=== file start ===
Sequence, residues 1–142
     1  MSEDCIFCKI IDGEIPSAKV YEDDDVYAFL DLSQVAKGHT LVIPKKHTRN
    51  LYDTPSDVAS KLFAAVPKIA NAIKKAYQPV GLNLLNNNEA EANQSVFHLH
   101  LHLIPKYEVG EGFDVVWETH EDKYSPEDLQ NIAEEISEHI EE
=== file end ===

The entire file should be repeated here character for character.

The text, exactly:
Sequence, residues 1–142
     1  MSEDCIFCKI IDGEIPSAKV YEDDDVYAFL DLSQVAKGHT LVIPKKHTRN
    51  LYDTPSDVAS KLFAAVPKIA NAIKKAYQPV GLNLLNNNEA EANQSVFHLH
   101  LHLIPKYEVG EGFDVVWETH EDKYSPEDLQ NIAEEISEHI EE